AWS supports global condition keys and service-specific condition keys. To see all AWS global condition keys, see AWS global condition context keys in the IAM User Guide.

AWS IoT Greengrass supports the following global condition keys.

Key Description
aws:CurrentTime Filters access by checking date/time conditions for the current date and time.
aws:EpochTime Filters access by checking date/time conditions for the current date and time in epoch or Unix time.
aws:MultiFactorAuthAge Filters access by checking how long ago (in seconds) the security credentials validated by multi-factor authentication (MFA) in the request were issued using MFA.
aws:MultiFactorAuthPresent Filters access by checking whether multi-factor authentication (MFA) was used to validate the temporary security credentials that made the current request.
aws:RequestTag/${TagKey} Filters create requests based on the allowed set of values for each of the mandatory tags.
aws:ResourceTag/${TagKey} Filters actions based on the tag value associated with the resource.
aws:SecureTransport Filters access by checking whether the request was sent using SSL.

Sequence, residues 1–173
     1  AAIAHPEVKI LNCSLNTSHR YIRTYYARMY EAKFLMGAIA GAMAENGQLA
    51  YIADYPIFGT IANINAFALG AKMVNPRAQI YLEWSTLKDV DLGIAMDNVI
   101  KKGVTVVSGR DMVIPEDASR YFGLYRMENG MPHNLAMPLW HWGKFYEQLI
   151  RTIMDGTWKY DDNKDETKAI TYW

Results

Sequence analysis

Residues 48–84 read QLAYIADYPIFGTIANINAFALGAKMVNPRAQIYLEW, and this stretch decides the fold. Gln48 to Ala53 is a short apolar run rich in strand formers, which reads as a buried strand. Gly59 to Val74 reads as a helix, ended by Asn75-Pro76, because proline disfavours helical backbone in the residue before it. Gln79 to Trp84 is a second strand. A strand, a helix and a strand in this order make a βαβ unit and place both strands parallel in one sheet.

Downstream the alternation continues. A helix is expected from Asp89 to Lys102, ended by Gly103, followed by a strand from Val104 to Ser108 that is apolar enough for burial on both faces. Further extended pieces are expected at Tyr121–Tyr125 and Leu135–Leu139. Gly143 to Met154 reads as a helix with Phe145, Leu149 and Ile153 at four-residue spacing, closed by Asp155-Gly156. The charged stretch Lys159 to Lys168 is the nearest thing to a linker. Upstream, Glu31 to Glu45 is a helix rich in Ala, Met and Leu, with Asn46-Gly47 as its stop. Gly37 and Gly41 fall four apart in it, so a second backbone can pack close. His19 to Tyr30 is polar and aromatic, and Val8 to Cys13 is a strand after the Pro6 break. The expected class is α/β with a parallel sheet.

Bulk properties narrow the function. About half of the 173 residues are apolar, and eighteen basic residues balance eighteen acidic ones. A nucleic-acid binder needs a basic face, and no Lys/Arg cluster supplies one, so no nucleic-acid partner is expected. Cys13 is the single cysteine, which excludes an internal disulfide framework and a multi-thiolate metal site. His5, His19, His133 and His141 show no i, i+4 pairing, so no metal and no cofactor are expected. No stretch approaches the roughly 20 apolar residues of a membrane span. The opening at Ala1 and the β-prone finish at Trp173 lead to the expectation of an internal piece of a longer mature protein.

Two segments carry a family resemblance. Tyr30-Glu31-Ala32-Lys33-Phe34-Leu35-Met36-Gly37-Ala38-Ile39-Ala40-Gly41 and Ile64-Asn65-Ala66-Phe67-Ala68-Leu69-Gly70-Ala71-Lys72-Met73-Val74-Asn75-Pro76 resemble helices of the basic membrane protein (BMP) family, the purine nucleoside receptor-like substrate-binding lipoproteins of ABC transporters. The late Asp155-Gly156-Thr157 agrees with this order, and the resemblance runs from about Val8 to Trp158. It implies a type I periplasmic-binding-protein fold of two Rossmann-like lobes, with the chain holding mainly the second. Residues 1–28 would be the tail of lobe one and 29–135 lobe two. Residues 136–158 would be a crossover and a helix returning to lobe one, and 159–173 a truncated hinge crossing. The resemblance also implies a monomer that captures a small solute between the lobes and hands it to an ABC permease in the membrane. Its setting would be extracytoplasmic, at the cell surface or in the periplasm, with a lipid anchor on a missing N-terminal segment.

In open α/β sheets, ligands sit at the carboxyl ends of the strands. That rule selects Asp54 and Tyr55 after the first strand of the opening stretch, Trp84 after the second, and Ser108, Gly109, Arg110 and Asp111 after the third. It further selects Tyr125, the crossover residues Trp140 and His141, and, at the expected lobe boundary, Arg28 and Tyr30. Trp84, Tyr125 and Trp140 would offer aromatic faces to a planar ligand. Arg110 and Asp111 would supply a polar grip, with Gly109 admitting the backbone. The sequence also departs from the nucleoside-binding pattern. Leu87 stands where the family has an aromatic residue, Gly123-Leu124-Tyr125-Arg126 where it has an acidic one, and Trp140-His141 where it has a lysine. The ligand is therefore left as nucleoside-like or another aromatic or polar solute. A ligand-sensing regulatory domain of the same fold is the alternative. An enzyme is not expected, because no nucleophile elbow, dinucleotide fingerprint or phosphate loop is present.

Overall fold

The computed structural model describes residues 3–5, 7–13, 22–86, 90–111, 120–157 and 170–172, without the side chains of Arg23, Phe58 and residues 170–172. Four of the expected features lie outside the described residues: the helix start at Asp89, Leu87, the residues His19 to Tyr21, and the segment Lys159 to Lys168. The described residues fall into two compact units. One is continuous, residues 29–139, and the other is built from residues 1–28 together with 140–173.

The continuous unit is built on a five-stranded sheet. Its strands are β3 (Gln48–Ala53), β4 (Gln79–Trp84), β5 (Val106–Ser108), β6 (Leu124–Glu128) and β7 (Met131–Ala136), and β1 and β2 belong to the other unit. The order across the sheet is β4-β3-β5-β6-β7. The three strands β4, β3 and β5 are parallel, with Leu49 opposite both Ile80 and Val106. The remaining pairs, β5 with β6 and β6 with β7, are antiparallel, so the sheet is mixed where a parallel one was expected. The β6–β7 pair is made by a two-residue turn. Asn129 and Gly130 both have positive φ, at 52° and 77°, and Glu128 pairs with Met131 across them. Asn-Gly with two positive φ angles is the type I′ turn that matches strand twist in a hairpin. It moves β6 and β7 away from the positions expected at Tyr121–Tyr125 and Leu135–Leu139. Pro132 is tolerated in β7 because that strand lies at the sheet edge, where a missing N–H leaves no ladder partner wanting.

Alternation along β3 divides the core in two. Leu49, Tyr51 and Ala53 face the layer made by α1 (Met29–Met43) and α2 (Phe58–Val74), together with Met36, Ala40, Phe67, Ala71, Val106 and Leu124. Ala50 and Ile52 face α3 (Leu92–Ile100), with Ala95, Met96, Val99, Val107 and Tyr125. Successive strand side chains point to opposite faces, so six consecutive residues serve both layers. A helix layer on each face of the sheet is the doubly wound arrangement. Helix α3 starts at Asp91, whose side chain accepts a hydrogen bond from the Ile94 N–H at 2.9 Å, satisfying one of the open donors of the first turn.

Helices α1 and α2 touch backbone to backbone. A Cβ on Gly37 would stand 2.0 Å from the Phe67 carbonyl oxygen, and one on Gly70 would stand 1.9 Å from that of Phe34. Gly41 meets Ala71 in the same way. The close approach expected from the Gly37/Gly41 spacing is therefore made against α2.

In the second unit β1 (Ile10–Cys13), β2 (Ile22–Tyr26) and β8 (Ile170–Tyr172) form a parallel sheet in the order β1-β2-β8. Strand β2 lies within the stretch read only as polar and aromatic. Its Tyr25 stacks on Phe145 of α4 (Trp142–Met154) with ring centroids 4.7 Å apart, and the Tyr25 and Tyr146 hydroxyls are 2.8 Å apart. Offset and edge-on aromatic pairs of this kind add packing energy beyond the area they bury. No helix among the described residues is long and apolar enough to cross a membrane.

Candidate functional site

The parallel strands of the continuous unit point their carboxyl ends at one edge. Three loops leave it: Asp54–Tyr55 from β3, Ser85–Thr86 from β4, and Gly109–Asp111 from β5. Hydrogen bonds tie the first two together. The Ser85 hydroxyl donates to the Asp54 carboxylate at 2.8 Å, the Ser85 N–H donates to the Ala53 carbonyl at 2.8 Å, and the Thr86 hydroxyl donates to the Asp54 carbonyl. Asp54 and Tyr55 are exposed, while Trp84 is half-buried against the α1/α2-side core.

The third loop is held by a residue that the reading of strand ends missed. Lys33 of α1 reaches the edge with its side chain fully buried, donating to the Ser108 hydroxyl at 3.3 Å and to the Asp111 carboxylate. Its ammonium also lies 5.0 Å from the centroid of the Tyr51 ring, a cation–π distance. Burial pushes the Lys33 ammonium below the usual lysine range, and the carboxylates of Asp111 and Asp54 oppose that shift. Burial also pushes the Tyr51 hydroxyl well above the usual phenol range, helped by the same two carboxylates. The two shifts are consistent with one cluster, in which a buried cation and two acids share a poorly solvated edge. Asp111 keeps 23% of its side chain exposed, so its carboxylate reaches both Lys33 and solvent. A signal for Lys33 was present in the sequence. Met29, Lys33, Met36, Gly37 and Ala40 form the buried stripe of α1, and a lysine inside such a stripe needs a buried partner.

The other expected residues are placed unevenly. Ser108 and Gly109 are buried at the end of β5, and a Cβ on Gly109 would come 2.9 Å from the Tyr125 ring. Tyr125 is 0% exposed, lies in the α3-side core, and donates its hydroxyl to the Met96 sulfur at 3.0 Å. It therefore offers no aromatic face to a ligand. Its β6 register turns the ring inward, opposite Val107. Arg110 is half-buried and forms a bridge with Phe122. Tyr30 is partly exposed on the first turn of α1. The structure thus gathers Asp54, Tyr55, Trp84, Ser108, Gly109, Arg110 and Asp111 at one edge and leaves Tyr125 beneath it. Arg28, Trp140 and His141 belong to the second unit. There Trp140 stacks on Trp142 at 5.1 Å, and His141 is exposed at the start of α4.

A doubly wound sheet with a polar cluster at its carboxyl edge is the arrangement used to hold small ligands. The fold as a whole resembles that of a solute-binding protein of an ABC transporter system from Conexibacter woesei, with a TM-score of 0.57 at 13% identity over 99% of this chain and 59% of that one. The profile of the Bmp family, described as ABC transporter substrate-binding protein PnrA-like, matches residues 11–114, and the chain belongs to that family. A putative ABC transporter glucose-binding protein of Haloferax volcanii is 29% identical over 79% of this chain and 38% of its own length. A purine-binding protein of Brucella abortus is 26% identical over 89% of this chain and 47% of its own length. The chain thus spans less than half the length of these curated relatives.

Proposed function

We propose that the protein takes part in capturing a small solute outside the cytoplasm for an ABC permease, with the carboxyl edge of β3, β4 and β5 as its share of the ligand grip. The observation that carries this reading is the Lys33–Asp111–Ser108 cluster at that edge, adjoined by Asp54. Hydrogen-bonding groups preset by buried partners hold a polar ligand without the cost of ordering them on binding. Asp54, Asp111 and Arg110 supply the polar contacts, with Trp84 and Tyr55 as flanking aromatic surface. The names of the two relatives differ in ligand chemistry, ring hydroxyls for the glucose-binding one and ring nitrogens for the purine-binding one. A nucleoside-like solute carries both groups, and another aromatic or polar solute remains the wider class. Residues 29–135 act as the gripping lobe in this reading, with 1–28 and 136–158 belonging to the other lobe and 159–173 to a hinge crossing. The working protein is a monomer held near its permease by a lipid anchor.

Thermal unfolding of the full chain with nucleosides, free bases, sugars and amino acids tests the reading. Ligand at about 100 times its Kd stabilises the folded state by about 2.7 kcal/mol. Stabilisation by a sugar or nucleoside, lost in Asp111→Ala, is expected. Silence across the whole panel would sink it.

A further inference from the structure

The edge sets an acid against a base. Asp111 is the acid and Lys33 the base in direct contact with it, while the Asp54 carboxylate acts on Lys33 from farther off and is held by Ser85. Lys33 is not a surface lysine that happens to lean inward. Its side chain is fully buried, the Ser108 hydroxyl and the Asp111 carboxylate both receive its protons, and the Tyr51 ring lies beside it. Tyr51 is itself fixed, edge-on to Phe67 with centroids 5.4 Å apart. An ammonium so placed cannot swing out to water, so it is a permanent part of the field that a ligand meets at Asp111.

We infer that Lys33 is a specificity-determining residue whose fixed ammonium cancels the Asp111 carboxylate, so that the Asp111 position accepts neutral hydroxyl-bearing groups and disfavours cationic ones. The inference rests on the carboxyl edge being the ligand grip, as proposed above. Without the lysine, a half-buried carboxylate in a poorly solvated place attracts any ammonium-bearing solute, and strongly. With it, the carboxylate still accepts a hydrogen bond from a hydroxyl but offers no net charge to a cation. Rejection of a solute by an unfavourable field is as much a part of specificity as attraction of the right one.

aws:TagKeys Filters create requests based on the presence of mandatory tags in the request.
aws:UserAgent Filters access by the requester's client application.

For more information, see AWS global condition context keys in the IAM User Guide.


To view examples of AWS IoT Greengrass identity-based policies, see Identity-based policy examples for AWS IoT Greengrass.

Resource-based policies for AWS IoT Greengrass

AWS IoT Greengrass does not support resource-based policies.

Access control lists (ACLs)

AWS IoT Greengrass does not support ACLs.

Authorization based on AWS IoT Greengrass tags

You can attach tags to supported AWS IoT Greengrass resources or pass tags in a request to AWS IoT Greengrass. To control access based on tags, you provide tag information in the Condition element of a policy using the aws:ResourceTag/${TagKey}, aws:RequestTag/${TagKey}, or aws:TagKeys condition keys. For more information, see Tagging your AWS IoT Greengrass resources.